The foundation has committed to support the community consensus on the admittedly difficult hard fork decision. Seeing the results of various metrics, including carbonvote, dapp and ecosystem infrastructure adoption, this means that we will focus our resources and attention on the chain which is now called ETH (ie. the fork chain). That said, we recognize that the Ethereum code can be used to instantiate other blockchains with the same consensus rules, including testnets, consortium and private chains, clones and spinoffs, and have never been opposed to such instantiations.
All users who had ETH before block 1920000 now have both ETH (the fork chain) and ETC (the community effort to continue the no-fork chain). Users are generally advised that most Ethereum client defaults will select the ETH chain; if you are offered a choice on a fork in the Mist interface, then selecting “Yes” on this choice will direct you to this chain.
Users who are interested in taking any actions with their ETC, including creating and participating in applications, converting to another asset, etc are advised to use the splitter contract at address
0xaa1a6e3e6ef20068f7f8d8c835d2d22fd5116444 to move their ETC to a separate newly created account so as to avoid replay attacks; we also encourage the ETC community to consider adopting a secondary hard fork to change transaction formats to make further replay attacks impossible. Until and unless that happens, once ETH and ETC are “split” they should be managed via separate wallets.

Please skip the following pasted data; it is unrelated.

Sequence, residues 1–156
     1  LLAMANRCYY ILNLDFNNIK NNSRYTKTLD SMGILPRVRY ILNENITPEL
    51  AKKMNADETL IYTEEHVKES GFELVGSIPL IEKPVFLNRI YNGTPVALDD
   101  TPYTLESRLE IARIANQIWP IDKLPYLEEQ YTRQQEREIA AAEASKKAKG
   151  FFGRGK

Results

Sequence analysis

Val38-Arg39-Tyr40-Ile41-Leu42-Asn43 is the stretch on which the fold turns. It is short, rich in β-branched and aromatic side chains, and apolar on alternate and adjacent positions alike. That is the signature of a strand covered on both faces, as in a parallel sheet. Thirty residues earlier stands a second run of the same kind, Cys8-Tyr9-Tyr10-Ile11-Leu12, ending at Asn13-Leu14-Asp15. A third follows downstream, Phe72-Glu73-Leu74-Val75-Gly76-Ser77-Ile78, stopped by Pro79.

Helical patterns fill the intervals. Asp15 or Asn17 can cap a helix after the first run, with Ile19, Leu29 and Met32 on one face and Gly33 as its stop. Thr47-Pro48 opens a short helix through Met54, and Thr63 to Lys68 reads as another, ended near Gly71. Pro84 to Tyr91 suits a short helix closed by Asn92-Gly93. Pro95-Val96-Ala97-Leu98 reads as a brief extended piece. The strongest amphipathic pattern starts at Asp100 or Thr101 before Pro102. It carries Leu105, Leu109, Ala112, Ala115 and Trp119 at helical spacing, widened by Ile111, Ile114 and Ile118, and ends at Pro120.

To use the splitter contract from inside of the Ethereum Wallet, click on Contracts -> Watch Contract, copy the address and ABI from the above linked etherscan page, and click “OK”; then, click on the contract in the Contracts tab, select “Write to Contract”, and select the “Split” function. It will ask for two addresses; for the first, put the address where you want your ETH to go (feel free to put the same address you are sending from), for the second put the address where you want the ETC to go. Make sure to try this with a very small amount of ether first to verify that it works before increasing the amount. You may use the Ethereum Classic Explorer here to verify that ETC balances have been transferred. A more detailed community-provided guide can be found here.
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from Ethereum Blog http://ift.tt/2aaNuH7
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